[Check out map of the battle at the bottom of post before reading]
Initially the people of the concrete steppes had the upper hand. Emboldened by the cry of “taper now!” they charged Woodford’s army and pushed them back. It looked like the battle was over, as the initial push in these economic battles usually determines the final outcome. Indeed this pattern is sometimes called “the efficient battle hypothesis.”
But Woodford’s army regrouped and charged to the call for Forward Guidance!! They pushed back and regained all of the lost ground, and then some. By 2:30 in the afternoon it was the people of the concrete steppes who were on the run. It looked like nothing could stop the NKs.
But wait, a third army suddenly swept onto the field! Sensing that Woodford’s army was weakened by the long battle, the market monetarists rallied to the cries of “income effect” and “Fisher effect.” Woodford’s early successes actually helped the market monetarists, by convincing everyone to be more bullish. That meant Woodford’s army was over extended, as it relied exclusively on the liquidity effect and was mired in bearish territory. His soldiers became confused by cause and effect. Which way do we go Mr. Woodford!?!?!?!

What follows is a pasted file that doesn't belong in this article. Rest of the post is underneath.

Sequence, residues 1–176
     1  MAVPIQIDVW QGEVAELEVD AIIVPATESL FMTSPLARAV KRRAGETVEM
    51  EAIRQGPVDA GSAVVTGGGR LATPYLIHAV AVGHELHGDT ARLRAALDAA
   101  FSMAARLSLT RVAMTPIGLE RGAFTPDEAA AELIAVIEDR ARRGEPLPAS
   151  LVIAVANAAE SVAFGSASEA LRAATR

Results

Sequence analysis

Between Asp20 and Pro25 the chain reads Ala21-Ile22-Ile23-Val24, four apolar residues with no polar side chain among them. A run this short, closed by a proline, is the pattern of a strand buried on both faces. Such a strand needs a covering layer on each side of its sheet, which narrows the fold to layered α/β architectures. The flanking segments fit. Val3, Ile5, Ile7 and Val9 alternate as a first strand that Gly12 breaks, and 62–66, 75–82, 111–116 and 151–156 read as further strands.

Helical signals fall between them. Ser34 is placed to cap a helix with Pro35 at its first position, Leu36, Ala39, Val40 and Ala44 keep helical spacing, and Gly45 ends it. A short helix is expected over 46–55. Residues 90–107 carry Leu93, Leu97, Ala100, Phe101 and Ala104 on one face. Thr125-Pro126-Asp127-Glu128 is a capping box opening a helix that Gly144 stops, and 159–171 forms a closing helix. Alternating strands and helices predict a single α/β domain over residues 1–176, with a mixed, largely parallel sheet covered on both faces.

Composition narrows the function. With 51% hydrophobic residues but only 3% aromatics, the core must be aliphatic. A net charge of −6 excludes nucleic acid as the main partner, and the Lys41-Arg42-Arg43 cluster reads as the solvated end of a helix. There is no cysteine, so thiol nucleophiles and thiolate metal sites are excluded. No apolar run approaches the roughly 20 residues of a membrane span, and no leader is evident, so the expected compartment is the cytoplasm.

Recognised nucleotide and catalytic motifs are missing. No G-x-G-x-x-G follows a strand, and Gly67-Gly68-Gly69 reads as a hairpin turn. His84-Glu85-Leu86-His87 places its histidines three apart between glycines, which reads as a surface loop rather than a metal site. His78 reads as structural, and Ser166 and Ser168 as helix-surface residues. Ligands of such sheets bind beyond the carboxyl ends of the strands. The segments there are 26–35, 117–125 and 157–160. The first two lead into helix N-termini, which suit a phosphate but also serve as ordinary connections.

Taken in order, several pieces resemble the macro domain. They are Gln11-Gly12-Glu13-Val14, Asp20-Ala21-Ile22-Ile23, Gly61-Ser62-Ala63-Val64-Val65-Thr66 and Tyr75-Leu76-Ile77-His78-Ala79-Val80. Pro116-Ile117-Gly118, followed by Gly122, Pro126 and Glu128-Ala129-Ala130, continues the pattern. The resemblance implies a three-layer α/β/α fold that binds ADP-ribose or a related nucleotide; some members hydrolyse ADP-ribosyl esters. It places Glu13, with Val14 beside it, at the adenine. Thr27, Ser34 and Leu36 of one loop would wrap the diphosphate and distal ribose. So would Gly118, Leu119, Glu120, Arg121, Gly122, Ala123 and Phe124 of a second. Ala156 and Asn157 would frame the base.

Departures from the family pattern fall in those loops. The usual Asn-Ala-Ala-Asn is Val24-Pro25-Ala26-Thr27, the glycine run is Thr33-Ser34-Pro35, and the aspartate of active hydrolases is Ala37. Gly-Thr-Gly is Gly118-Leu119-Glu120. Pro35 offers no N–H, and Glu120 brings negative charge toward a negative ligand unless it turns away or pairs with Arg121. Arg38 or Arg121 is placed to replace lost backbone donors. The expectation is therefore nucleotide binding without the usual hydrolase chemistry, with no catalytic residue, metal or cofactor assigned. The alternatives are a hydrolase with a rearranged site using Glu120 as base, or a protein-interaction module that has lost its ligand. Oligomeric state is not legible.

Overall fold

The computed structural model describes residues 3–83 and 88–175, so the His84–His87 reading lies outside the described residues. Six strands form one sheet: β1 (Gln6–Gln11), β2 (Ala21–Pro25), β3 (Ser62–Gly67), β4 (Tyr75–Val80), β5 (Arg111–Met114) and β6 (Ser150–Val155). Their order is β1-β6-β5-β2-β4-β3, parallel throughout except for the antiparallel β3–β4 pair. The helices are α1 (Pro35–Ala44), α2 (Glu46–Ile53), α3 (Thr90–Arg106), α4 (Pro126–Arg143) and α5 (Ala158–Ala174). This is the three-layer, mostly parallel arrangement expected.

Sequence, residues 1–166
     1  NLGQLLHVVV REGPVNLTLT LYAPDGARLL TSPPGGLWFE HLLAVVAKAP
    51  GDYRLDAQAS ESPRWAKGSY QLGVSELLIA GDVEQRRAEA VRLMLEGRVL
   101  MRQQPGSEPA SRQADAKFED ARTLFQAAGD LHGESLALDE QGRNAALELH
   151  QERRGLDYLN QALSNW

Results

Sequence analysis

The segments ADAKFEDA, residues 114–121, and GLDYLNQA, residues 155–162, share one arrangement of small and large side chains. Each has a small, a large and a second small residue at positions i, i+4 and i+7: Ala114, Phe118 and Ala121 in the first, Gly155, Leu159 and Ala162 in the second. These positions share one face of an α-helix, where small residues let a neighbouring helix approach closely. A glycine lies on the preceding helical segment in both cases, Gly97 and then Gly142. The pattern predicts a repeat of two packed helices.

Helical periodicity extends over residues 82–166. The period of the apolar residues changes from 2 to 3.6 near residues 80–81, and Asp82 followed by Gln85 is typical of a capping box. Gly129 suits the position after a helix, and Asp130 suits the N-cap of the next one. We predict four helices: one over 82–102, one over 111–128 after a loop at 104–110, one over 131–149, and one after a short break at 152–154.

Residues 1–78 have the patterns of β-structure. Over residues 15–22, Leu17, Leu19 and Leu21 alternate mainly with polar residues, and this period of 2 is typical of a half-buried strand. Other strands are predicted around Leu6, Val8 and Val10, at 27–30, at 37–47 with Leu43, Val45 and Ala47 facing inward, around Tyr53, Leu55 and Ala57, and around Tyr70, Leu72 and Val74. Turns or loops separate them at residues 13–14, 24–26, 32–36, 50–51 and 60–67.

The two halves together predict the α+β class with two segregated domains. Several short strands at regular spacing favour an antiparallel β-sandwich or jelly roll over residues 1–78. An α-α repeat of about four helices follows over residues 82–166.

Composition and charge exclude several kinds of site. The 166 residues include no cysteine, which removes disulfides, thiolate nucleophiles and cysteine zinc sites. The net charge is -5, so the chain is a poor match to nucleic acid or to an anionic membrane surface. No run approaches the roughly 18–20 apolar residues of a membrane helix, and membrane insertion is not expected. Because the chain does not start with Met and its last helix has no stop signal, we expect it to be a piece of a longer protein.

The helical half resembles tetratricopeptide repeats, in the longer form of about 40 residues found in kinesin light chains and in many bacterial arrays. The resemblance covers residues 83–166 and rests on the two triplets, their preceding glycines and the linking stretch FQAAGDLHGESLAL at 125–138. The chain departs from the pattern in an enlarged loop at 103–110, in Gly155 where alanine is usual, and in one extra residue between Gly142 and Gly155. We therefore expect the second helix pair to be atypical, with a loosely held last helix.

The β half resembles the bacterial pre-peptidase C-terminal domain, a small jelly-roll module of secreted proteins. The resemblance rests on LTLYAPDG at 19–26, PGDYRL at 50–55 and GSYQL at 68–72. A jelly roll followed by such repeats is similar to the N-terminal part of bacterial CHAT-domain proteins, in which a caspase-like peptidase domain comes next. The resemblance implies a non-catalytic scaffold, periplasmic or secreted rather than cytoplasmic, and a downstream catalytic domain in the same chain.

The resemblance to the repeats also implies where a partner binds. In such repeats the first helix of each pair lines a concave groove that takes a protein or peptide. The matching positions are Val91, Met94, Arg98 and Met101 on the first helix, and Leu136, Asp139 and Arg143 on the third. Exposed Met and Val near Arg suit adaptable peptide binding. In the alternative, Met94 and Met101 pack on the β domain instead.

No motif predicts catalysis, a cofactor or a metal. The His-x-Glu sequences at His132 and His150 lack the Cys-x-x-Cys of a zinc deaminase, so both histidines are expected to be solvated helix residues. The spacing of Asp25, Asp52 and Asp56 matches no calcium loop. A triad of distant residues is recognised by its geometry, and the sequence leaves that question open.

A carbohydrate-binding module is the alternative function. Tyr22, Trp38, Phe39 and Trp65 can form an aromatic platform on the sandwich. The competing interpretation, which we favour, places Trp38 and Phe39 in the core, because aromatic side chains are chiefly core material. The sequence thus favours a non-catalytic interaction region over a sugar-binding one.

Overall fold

By late afternoon it began it look the like the Korean peninsula in 1953. The battle had raged back and forth, and the front lines ended up little changed from the beginning. One can only imagine the mood swings of the spectators. When stocks shot up Mr. Williamson had sudden visions of a Nobel Prize in economics. But those hopes were quickly dashed by the charge of Woodford’s army. He had forgotten about the forward guidance. Mr. Krugman was able to maintain an upbeat mood by continually revising his analysis, from “taper talk” to “promise to be irresponsible,” to “none of this really matters because we are at the zero bound stupid.” He was much more clever than the other spectators, and was prepared for any outcome. He was determined to be proved right, whatever happened.